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Friday, December 2, 2016
Text: World AIDS Mass homily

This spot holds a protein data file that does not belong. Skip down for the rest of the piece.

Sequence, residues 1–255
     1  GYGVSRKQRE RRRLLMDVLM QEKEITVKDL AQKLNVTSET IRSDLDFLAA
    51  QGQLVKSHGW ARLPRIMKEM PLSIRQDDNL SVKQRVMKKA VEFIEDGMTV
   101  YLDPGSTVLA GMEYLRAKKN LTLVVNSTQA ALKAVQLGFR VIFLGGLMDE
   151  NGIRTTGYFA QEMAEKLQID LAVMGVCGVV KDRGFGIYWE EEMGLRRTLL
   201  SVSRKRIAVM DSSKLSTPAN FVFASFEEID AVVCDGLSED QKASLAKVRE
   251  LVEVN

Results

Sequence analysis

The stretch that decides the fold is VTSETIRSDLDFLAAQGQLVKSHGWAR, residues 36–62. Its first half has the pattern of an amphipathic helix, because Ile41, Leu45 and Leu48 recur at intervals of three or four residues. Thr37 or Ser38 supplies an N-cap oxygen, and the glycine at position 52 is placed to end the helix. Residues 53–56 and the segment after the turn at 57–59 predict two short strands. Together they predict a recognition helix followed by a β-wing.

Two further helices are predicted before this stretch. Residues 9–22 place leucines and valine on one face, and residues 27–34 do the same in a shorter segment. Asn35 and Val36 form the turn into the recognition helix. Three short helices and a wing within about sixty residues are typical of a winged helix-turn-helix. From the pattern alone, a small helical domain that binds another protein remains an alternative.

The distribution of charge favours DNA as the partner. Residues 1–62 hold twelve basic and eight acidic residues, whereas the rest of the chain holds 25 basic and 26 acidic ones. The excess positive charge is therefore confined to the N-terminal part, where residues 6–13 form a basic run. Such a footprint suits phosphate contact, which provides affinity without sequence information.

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 Today is World AIDS Day. Fr John Sherrington cp, gave the following homily at the World AIDS Mass on Sunday, 28 November 2004, in the Church of the Assumption, Warwick Street, London W1. This day is for me a day of celebrating solidarity, solidarity with our sisters and brothers living with HIV/AIDS, with their partners, families and friends. I have been blessed by knowing so many of them. For six years of my twenty-two years as a Priest Worker I worked as a Home Carer in the London Borough of Islington working as part of a team in ICARE the service for those affected by HIV/AIDS. This enabled me to be in their homes, assisting them with cleaning, washing & ironing, shopping, etc all those humdrum things, ordinary, but important to them. I remember how many were so weakened by the virus, some almost unable to put one foot in front of the other, often using my shoulder as a support. In the early days many of them were gay men but later there were more and more women, especially those from African countries. The women had a double burden: the virus, and children and families to care for, all the demands of schooling etc piled on top and all this living in a strange land. This capped by the paralysing fear of their HIV/AIDS status becoming known and stigmatising them here, and even back home. The latter seemed an even worse catastrophe hanging over them. I remember fondly an elderly African woman of great courage who had come over here to care for her young grandchildren (all at school) because her sons and daughters were all dead because of the AIDS virus. Last week I had the opportunity, as part of "Passionist International", to attend a United Nations NGO briefing in New York on "Women, Violence and HIV/AIDS" where the representative panel of women renewed the demand for zero tolerance of gender based violence as one of the means of reversing the globalisation of HIV/AIDS. Violence (including domestic) against women affects the well-being of the whole community and negates her ability even to negotiate conjugal relations. It is important that we work in solidarity on the global as well as the local level. There was criticism of "religion." Sadly some of the Churches advocate praying not medication, and we are not without sometimes bizarre utterances about HIV/AIDS coming from our own Church. But here we are as members of our own Church showing its other face, celebrating our solidarity with those affected by HIV/AIDS and also learning from them. We are evangelised by them, that is, the Good News proclaimed from them (gay and others) to us, by their courage, their love and concern for each other, their perseverance, their hope, the shear grasp of humanity reaching out of pain and anguish to something new. For me as a Passionist I see in them, sisters and brothers who carry, with great fortitude, in their own bodies the blessed wounds of the suffering Christ. Those who stigmatise them crown them with thorns, and like the original crown of thorns it is made by men, not by God. St Paul says "we are co-crucified in Christ" (in Greek: synestauromai) Gal 2.19; and to Paul we the community experience this as, death and resurrection simultaneously. Ours is a God whose love for our affected sisters and brothers and us endured the "shame of the crucifixion" so that we might know we are never abandoned, and as Christ says in today's Gospel "the Son of Man is coming at an unexpected hour"; but will we recognise him in our affected sisters and brothers?
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